Monday, October 11, 2010

Why is Liu Xiaobo China's first Nobel prize winner?

Last week, Chinese dissident Liu Xiaobo won the Nobel Peace Prize for his work on
Charter 08, a document that calls for democratic reforms and greater political freedoms in the People's Republic of China. He is currently in jail for writing that document. When the prize was announced, China's state-controlled media and security apparatus began an all-out campaign to censor the story, blocking Web access to information about the award, arresting people who gathered to celebrate, and promptly imprisoning Liu's wife.

I should mention at this point that Liu Xiaobo is the first resident of China to win any Nobel Prize. Ever.

I cannot help but think that this is no coincidence.

Name a well-known piece of technology invented in China since the year 1400. Or name an important scientific discovery made in China since that year. If you can, you're a better Google hound than I, because I find absolutely nada. Nothing. In 600 years. China's technological and scientific underachievement is not a figment of Swedish/Norwegian bias.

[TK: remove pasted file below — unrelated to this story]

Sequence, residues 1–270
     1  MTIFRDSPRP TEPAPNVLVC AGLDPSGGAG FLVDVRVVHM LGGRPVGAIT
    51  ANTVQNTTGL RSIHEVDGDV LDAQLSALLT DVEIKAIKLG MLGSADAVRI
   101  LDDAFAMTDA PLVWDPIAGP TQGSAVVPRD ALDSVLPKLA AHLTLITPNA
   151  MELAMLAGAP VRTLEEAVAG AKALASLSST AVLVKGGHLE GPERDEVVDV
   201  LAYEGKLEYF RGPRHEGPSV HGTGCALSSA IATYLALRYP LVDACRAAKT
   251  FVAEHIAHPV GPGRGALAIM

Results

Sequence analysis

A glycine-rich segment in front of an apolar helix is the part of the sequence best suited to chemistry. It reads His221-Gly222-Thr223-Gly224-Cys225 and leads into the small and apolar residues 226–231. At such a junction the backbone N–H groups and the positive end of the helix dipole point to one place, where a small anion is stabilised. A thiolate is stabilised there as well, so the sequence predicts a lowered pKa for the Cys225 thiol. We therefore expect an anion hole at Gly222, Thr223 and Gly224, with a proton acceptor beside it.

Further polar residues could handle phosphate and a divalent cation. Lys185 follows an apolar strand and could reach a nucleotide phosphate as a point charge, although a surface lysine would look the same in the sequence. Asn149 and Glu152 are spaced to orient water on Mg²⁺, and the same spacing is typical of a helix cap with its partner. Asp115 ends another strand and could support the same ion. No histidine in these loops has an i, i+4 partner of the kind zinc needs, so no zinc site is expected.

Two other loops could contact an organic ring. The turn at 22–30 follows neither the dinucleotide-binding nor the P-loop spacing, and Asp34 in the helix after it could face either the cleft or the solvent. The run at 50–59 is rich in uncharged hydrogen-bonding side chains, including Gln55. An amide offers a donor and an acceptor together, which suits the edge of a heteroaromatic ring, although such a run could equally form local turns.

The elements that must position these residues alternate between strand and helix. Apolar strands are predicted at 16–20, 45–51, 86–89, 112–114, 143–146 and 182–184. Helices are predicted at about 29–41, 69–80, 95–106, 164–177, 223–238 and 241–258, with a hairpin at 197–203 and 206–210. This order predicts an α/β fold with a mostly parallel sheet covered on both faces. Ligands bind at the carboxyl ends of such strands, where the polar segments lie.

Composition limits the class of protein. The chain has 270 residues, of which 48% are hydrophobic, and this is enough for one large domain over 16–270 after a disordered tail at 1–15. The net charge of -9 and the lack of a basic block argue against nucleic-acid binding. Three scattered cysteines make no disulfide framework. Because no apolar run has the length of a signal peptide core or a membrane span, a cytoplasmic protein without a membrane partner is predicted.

What could cause a country with 20% of the world's population - twice as many as all of Europe! - to be the world's most spectacular scientific and technological dunce for six centuries?

Racist and Eurocentric theories that East Asians are less creative than Caucasians are patently false, as both historical and modern facts demonstrate. Japan, for example, has plenty of Nobel prizes and great scientific discoveries to its name, and is the birthplace of inventions such as (deep breath) the digital camera, the hand calculator, the floppy disk, flash memory, pluripotent stem cells, B-vitamins, the camcorder/VCR/VHS, and the compact disc (not to mention MSG, high-fructose corn syrup, methamphetamine, and karaoke). People of Chinese descent have made huge numbers of landmark contributions to science and technology...outside China. And, as everyone knows, pre-1400 China was the birthplace of paper, gunpowder, the compass, movable type, the horse collar, the astrolabe, compartmentalized ship hulls, and a long list of other awesome things that rivaled (and, during the Middle Ages, far exceeded) anything in Europe. It is clear that China's underachievement has been due to collective deficiencies, not individual ones.